Communication formatsThere are seven key elements I believe must be considered when building an online community. Over the past few weeks, I’ve explored five of these elements in a series of posts designed to help you build the best community possible. For this post, I am assuming a recruitment campaign has kicked off, and the people joining your online community are active contributors – though don’t be too concerned if members are a little slow off the mark, do these three things well and member engagement is likely to improve. So, what’s the best way to reach out to your community members? There are three communication formats that I have found most relevant for online communities. These formats – listed in order of increasing audience reach – are:
1.Chat – this is quite a nifty tool for moderators as it enables the initiation of one-on-one conversations with members who are logged into the community. It works like instant messaging, and it is particularly useful when a moderator wishes to converse with a member without other members seeing as it’s not relevant to them. For example, when there’s an exclusive activity with specific details of where to go, what to do, and the incentive rewarded.
2.In situ – this is when a member posts a question, and a community moderator replies to that particular post. For example, a member might be searching for a specific activity to complete, and a moderator addresses this by replying directly to the post with navigational guidelines on where to find the activity, or if an activity is already completed, letting them know this is the case and thanking them for their interest – recall that acknowledgement goes a long way!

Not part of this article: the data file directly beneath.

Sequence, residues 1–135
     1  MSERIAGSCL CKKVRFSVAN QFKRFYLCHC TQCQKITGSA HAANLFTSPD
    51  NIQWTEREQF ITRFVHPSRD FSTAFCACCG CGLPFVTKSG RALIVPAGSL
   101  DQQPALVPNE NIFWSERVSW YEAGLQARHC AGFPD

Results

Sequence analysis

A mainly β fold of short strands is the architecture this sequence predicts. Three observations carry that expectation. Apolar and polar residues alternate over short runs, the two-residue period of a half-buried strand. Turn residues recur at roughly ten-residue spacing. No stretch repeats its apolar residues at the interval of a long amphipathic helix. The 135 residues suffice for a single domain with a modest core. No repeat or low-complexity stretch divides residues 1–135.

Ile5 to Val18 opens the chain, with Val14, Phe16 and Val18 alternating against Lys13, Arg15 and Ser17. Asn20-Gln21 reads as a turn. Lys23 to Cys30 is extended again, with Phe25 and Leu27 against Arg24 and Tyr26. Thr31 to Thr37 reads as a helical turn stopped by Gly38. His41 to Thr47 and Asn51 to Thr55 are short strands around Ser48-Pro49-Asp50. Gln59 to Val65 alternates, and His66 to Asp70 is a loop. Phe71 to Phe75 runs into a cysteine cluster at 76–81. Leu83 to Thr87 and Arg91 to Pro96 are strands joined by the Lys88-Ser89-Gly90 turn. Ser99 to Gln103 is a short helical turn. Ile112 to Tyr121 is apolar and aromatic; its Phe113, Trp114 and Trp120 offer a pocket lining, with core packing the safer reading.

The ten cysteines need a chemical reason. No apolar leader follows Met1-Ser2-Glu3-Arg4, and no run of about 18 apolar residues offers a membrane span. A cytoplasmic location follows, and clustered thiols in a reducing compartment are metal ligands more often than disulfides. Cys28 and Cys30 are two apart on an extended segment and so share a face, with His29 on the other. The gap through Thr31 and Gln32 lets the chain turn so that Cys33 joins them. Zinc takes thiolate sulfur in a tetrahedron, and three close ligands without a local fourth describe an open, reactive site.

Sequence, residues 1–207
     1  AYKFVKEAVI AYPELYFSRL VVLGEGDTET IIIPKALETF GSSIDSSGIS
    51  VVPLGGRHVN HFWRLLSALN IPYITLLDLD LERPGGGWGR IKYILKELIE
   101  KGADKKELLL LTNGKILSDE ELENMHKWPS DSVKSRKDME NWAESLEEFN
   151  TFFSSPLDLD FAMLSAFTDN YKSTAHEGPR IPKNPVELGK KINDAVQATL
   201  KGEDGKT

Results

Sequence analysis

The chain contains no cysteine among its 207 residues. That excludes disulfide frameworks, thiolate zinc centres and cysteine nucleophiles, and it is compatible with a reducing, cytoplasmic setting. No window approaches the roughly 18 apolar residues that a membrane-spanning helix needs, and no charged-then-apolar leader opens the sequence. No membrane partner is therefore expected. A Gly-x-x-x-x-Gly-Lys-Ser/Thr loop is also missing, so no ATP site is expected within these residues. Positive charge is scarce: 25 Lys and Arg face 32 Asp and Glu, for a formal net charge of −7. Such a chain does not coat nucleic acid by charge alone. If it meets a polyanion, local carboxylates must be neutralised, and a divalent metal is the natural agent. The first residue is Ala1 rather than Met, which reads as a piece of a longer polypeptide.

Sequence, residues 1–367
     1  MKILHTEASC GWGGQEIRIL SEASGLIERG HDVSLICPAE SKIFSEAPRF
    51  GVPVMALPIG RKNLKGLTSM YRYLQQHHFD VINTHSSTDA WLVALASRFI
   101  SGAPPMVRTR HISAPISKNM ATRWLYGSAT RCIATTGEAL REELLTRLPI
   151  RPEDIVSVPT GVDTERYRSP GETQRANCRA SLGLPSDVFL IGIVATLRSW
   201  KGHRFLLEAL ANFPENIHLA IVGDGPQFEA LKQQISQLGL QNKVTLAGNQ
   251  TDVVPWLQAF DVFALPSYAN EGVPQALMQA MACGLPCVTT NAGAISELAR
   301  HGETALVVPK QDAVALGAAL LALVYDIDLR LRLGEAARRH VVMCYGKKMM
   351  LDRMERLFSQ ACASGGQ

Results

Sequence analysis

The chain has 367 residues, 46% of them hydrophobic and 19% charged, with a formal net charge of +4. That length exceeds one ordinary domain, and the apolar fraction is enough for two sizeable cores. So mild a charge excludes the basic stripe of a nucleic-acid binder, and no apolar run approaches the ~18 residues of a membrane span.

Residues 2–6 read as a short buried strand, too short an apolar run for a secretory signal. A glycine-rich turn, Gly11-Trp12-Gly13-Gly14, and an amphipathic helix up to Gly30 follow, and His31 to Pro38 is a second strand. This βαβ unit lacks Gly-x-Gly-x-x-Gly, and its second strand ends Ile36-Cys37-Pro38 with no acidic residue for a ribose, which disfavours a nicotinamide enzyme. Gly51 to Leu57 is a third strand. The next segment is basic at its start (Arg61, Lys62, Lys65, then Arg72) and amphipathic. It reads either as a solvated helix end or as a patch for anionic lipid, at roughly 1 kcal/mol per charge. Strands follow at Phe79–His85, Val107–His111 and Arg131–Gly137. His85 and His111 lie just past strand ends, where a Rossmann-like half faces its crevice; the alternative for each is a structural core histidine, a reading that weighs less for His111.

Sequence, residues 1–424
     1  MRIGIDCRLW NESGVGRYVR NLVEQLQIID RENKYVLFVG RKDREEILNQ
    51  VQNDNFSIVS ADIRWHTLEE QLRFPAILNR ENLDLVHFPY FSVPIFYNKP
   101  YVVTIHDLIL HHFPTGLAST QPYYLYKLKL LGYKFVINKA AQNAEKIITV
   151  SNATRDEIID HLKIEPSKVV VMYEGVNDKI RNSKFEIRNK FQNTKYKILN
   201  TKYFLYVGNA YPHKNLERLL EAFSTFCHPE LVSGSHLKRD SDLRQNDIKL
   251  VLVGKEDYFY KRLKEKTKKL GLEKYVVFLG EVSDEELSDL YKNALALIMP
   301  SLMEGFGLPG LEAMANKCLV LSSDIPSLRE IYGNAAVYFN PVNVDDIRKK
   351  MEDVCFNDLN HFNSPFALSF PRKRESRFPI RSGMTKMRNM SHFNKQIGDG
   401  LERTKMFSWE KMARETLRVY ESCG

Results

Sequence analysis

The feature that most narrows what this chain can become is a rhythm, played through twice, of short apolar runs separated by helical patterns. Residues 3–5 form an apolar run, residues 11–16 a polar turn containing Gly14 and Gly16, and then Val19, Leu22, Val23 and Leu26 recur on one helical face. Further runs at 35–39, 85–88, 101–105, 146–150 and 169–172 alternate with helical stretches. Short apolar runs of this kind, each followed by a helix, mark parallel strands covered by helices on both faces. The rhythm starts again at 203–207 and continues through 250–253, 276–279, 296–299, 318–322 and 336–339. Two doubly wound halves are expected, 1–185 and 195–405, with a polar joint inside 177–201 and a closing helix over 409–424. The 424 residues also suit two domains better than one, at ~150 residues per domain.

3.Announcements – this is by far the most commonly used format for communicating with members, and there are three channels in which to distribute information:
- The first channel is on the platform, so when a member logs into the online community, it is the first post they see – effectively it works like a message on a noticeboard. This is particularly useful in getting information to a large group of people, whether it’s to everyone or a subset of members in the community. For example, an introduction to new moderators to the community, or a congratulatory message to monthly prize-winners.
- The second channel is via push notification to members’ mobile and tablet devices, so that members are the first to know when there are new activities to complete. This is great when combined with geo-locations and tagging because activities can then be targeted and reported based on specific regions and catchment areas, enabling the drawing of deeper analysis and insights.
- The third channel is one that almost needs no introduction because it forms the very foundation upon which communities are recruited – it is, of course, email. From the expression of interest in joining, through to receiving an invitation and activation of an account, email announcements are used. Once a person becomes a member, emails are used to provide information about the community, to ensure members understand how the community works, and to encourage members to actively participate in activities. Just like cashflow is considered to be the lifeblood to a business, email communication is almost certainly the lifeblood to an online community
Next week’s post – my final in this series, will be about the tenure – building an online community for a limited period or long-term program as part of your research suite.Part 6 – Empathy Part 7 – Tenure
Fei is Head of Communities at Evolve, and is passionate about building online communities that bring colour and texture to quantitative research.